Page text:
Short Sleep May Signal Stroke Risk

Chronically sleeping less than 6 hours per night significantly increased the rate of stroke symptoms among middle-age to older individuals of normal weight who had low risk of sleep-disordered breathing.

People who habitually sleep less than 6 hours appear to be at risk of developing symptoms that may predict future stroke, researchers reported here at the annual meeting of the Associated Professional Sleep Societies.

Study participants with normal body mass indices (BMIs) who slept less than 6 hours a night had a ...

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Too Little Sleep Makes Jack a Dull Surgeon

More than one quarter of surgeons reported being “impaired” as a result of being tired.

Despite new limits on resident work hours almost half of the orthopedic residents at two of Harvard’s hospitals said they were fatigued during work hours, and 27 percent said they were impaired by lack of sleep.

Moreover, the doctors-in-training said they average just a little over 5 hours’ sleep daily during work weeks, Frank McCormick, MD, of Massachusetts General Hospital, and colleagues reported in the May 21 ...

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Poor Sleep Among Preschoolers May Be Tied to Special Ed Needs Later

But, study doesn’t prove a cause-and-effect link.

Researchers found that kids who suffered from problems like sleep apnea and snoring in their infant, toddler and preschool years were more likely to need special education services for conditions such as speech and behavioral problems a few years later.

Although the study found an association between the two factors, it did not prove cause and effect. The higher risk of disabilities could be a statistical fluke, or something else besides sleep problems may explain ...

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Caution: Too Much Sleep Could Make You ‘Drunk’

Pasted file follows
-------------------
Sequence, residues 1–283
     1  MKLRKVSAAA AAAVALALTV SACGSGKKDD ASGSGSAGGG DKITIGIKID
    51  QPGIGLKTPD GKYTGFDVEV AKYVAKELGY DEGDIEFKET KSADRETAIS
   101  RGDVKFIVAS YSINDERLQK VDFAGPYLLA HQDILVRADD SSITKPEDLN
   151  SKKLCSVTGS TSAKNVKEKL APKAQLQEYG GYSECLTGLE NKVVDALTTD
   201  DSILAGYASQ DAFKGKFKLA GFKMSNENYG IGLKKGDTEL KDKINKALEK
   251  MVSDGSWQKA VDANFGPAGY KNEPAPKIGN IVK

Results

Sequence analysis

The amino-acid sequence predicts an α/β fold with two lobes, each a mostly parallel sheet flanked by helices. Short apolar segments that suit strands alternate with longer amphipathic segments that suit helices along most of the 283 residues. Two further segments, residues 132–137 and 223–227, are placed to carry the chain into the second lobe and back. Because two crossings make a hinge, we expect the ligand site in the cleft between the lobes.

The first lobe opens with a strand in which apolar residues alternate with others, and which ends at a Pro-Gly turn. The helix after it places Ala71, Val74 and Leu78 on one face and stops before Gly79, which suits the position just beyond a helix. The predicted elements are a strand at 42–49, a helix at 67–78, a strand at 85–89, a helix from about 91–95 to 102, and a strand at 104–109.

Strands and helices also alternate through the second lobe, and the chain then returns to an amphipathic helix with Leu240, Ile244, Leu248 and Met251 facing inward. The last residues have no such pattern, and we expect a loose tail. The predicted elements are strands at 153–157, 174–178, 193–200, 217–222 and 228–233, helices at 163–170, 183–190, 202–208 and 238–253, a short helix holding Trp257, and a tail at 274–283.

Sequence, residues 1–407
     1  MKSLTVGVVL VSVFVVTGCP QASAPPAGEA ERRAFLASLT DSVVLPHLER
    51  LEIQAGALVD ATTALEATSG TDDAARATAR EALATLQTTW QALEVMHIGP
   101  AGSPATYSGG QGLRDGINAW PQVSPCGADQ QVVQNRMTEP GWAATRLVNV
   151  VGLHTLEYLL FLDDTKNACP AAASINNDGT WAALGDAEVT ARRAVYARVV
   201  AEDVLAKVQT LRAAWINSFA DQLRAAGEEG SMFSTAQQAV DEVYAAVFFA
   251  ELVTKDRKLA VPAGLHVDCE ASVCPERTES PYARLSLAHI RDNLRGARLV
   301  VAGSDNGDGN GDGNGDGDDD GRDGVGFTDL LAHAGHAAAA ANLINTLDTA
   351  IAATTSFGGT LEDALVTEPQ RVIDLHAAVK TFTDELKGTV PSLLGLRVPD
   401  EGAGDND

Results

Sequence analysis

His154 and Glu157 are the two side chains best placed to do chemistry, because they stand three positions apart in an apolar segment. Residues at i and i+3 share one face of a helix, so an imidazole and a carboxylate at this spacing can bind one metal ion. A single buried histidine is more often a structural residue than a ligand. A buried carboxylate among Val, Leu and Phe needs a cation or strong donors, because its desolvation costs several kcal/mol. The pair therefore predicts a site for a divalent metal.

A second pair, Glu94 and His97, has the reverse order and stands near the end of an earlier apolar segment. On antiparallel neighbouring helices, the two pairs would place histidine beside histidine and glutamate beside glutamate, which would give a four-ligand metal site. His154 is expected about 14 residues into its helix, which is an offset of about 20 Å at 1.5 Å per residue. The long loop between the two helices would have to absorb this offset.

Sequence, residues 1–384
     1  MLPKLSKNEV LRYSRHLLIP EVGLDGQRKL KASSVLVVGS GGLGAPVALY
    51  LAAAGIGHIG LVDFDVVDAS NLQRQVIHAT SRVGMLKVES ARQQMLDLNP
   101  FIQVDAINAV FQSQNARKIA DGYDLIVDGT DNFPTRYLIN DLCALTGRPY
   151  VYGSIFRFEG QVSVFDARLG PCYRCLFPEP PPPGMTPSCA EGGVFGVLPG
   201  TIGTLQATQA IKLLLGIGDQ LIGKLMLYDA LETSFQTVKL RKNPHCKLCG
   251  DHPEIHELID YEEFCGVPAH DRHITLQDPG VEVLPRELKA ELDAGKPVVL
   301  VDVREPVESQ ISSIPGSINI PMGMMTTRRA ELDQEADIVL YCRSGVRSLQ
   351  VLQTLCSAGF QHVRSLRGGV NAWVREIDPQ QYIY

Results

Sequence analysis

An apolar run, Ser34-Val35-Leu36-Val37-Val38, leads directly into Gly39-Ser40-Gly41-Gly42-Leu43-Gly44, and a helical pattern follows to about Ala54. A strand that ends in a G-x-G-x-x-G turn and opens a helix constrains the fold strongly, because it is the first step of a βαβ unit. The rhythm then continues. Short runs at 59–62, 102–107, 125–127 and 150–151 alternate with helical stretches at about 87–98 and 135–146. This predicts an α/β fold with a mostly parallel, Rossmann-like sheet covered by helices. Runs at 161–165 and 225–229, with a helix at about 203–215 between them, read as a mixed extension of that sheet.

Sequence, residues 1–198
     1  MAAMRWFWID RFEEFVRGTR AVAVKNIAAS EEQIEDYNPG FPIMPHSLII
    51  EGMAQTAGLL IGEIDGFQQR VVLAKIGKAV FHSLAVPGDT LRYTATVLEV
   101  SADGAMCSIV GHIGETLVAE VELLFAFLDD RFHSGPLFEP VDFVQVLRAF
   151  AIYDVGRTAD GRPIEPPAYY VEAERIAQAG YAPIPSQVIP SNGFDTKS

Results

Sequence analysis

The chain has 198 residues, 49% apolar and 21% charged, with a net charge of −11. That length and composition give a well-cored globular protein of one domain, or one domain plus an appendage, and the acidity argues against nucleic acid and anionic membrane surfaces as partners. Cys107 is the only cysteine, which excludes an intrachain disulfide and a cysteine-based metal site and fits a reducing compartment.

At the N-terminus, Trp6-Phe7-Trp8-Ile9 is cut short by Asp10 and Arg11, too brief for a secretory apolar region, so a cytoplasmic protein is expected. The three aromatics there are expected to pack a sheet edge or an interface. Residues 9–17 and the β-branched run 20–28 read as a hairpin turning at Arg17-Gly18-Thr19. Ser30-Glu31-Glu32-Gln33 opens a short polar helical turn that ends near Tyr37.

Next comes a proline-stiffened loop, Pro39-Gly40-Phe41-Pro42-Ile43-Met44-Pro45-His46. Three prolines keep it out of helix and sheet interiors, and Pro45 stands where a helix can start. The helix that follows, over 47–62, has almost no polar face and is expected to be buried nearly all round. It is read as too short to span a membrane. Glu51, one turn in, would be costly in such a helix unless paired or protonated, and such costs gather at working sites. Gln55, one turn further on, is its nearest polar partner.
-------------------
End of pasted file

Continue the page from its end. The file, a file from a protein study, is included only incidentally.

If you’re getting too much sleep, you could be at risk for a condition called sleep drunkenness.

With our action-packed lives, nearly a third of Americans struggle with getting too little sleep. But there’s evidence suggesting that too much sleep may actually be just as problematic as too little sleep!

So how much is too much sleep?

Medical experts typically recommend seven to nine hours of shut-eye per night for adults, and even more for kids and teens. (Yikes, no wonder first period ...

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Many U.S. Workers Sleep-Deprived

Transportation workers among those getting the least shuteye, researchers say.

Many American workers get fewer than six hours of sleep each night, putting themselves and their co-workers at risk for serious and sometimes deadly consequences, federal health officials said Thursday.

“There about 41 million workers who aren’t getting the recommended amount of sleep,” said Dr. Sara Luckhaupt, lead author of a new study from the division of surveillance, hazard evaluations and field studies at the National Institute for Occupational Safety and Health. ...